Short story of a fisherman’s tale
“How’s it going Dave, caught anything yet?”
Dave turned around at the sound of his mate’s familiar voice. “Hi Baz, wondered if you could resist coming down tonight.”
“Yeah, thought the salmon’d be running, the missus has gone to her mother’s, so might as well take advantage of the peace,” he grinned.
Baz set his gear down on the flat rock overlooking the Great Southern Ocean. It was getting dark; the wind picking up, it would be a cold night.
The two friends were dressed for the weather though. Despite the cold, the lure of a good catch was too hard to resist.
“Fancy a drop?” Dave passed the flask, the smell of scotch strong on his breath.
“Nah, thanks mate, I like to keep a clear head, gotta keep a watch out.”
Dave shrugged, taking another nip before slipping the silver flask back in his jacket pocket.
The two men stood side by side in companionable silence, the sound of the ocean a soothing background noise in the darkness.
After about an hour with no luck, Dave moved further along the rocks, he was nearer to the water and could see the phosphorescence shimmering. The waves seemed to be bigger than before he thought.
He shivered and sighed. “I’m bloody freezing.”
Taking his eye off his line whilst he searched for his whisky flask, he gasped, when suddenly he was up to his knees in sea water.
“Shit! That was close.” He was no stranger to the area and knew the danger of freak waves.
Deciding he should move back to his original position further up the rocks, he reeled in his line, but as he did so he was confronted by a wall of water.
The force of the torrent knocked him off his feet, the freezing water picked him up as if he weighed nothing, tossing him into the giant waves, over the jagged rocks and out into the black night.
“Hey Dave! You okay?” Baz’s voice called out, for he had seen the monstrous wave, but he’d escaped a drenching.
When he got no answer from his friend, he feared the worse.
“Dave!” he screamed, but the wind whipped his words from his mouth and out into the darkness.
In his heart Baz knew it was too late, but grabbed his phone and called the emergency number. That was all he could do, he was helpless.
He scanned the waves, hoping for the miracle that somehow Dave had made his way back. The night seemed to be even darker, the wind even stronger, as he stood alone, waiting for help to come.
Meanwhile, out in the cold sea, Dave was battling to survive. The salt water was stinging his eyes, the waves attempted to push him under, as if they were eager to claim him for themselves.
He screamed, his mouth filled with water, choking him, the wind stole his cries before they could be heard.
He tried to swim towards the cliffs, but the relentless,ebbing tide, dragged him further out from shore. Facing five metre waves, he forced himself to stay afloat, but knew he couldn’t sustain the effort for much longer, his clothes were waterlogged and were dragging him under.
Unzipping the heavy jacket, his hand brushed the whiskey flask as it sank down into the depths.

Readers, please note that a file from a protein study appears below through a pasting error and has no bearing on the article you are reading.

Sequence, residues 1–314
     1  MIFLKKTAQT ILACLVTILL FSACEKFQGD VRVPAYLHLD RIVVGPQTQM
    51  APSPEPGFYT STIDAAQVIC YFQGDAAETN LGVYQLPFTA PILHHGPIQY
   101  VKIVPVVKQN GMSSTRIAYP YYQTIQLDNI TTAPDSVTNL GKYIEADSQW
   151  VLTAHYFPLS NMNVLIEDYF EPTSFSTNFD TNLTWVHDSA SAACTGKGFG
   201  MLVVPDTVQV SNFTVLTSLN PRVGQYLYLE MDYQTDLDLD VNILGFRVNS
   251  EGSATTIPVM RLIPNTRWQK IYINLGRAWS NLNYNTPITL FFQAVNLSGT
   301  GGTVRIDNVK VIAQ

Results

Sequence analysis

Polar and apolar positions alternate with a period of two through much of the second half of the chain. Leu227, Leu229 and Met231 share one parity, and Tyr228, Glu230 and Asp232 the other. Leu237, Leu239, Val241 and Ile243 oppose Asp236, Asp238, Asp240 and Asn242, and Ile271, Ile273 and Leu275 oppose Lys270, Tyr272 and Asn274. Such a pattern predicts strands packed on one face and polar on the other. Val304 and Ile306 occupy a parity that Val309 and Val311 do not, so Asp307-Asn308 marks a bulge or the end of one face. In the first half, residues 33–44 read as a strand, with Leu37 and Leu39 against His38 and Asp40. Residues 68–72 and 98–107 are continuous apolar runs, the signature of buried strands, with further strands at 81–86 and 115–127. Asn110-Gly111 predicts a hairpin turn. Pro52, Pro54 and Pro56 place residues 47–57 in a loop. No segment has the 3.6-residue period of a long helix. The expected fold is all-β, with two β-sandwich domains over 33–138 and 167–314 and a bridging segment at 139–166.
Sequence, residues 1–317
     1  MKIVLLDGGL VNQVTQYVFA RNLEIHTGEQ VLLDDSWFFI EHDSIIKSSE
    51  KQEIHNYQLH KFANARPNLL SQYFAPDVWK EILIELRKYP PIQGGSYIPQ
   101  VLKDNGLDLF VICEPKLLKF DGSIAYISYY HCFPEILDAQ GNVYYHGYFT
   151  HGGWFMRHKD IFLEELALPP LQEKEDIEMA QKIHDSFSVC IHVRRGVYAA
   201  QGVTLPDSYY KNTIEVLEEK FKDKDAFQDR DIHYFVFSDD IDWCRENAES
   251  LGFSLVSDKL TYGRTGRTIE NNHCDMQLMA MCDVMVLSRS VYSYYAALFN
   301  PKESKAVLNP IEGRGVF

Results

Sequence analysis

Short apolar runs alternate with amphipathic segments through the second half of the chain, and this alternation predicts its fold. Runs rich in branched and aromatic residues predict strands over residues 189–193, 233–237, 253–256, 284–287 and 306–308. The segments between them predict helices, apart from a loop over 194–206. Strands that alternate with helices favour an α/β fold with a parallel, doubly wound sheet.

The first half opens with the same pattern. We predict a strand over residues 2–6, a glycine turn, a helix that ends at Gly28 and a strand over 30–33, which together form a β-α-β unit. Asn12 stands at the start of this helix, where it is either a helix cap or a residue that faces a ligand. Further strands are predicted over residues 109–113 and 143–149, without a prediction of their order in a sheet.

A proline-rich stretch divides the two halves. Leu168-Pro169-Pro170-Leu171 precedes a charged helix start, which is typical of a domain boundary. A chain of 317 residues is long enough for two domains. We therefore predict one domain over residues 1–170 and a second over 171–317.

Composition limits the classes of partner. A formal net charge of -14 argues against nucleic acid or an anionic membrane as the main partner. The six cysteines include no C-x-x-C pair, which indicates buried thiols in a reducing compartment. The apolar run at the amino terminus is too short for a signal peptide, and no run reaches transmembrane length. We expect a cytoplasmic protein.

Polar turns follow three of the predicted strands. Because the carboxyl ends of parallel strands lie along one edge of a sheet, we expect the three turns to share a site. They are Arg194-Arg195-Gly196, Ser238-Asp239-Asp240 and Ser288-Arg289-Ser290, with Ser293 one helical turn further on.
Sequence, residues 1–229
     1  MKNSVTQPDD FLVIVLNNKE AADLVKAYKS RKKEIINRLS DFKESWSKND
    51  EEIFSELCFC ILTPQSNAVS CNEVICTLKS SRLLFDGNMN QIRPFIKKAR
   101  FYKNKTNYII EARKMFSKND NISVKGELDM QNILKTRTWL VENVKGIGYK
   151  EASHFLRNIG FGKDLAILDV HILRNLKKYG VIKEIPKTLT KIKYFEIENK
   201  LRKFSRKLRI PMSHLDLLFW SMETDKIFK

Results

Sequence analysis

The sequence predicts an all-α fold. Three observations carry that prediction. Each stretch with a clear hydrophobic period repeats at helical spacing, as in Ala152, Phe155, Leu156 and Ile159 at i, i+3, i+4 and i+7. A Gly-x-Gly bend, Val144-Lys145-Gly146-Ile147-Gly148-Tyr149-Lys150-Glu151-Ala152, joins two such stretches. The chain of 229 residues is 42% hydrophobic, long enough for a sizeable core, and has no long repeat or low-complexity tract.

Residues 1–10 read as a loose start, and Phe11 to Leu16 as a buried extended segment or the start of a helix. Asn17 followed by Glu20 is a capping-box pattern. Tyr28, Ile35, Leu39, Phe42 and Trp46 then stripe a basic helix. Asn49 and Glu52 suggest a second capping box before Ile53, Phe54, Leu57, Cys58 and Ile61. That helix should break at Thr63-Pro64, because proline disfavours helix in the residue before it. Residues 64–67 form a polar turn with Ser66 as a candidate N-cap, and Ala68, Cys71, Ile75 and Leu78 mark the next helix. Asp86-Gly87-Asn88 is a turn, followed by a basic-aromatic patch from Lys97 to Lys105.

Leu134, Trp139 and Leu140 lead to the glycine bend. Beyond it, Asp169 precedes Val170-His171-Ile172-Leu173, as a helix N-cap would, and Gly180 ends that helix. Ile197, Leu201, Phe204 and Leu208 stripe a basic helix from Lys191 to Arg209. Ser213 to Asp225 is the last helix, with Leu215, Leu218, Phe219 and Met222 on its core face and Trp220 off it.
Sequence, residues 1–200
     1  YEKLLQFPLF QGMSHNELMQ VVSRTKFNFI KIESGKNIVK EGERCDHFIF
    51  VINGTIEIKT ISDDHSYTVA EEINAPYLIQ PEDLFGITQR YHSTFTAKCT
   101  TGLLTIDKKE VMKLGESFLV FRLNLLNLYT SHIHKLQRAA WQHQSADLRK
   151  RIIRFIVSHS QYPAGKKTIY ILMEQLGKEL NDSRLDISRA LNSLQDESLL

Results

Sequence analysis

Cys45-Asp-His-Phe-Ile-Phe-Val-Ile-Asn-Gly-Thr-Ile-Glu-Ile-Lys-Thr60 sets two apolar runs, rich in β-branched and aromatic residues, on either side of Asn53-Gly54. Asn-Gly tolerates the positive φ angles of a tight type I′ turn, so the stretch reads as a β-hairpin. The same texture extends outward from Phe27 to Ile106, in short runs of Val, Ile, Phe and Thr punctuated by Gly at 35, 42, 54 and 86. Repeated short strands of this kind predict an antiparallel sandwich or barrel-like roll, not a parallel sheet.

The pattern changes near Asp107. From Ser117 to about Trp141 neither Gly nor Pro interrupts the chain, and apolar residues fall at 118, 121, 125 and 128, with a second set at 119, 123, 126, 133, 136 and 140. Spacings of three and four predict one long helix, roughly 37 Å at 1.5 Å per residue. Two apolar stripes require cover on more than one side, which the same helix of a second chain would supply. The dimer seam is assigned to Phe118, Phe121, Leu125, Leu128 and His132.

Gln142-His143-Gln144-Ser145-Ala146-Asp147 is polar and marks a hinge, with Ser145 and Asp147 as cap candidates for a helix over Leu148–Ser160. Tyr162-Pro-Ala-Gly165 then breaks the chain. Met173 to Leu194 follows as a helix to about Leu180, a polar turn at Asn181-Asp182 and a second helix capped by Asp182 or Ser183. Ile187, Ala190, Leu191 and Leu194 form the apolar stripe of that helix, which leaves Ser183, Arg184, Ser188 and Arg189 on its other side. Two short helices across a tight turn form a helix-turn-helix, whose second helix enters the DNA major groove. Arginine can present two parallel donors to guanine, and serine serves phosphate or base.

“Oh God, save me!” He prayed.
He could only hope that Baz had realised what had happened, and already had called the coast guard. He lay on his back staring at the black sky, hoping against hope to see the beam of a helicopter, but knew death was more likely than survival.
Gravity was winning as it tried to pull him down into the depths, his strength was failing fast. He reasoned he should take off all his dark clothes, his unclothed body would be be spotted more easily if a search had been mounted.
He struggled out of the heavy outer clothes, and even saw the irony of his selection of his underwear that morning, the fluorescent orange garment may become a lifesaver.
Dave thought of his wife and children, of how he’d never see them again. He railed against the unfairness of it all and gave up the struggle, his strength leaving him, he sank under the waves.
A noise, louder even than the roaring of the waves, penetrated his brain, and raising eyes to the dark sky, he saw a searchlight, and discerned the whirring of the helicopter’s rotors above him, but it flew on past.
“Here! Here!” he screamed in frustration, but the wind whipped away his pitiful cries, defenceless against the the roar of the Southern Ocean.
Pulling off the brightly coloured undies, and lying as flat as he could, so that as much of his white body would be visible to the searchers, he waited, until at last he saw the aircraft coming his way again. He waved the orange garment as the searchlight hit his body.
After what seemed forever, a rescue diver winched down to join Dave in the boiling ocean, diving under the water and securing a harness around his body. Within minutes they were being hauled up into the belly of the chopper.
He lay gasping, vomiting seawater, a shivering, wet naked man, much like a sea creature caught on the end of a line. Snatched from an ocean, deprived of a certain victory.
Later Dave, wrapped in blankets, looked at his rescuers and even managed a rueful smile. “Thanks guys, your fishing trip turned out better than mine!”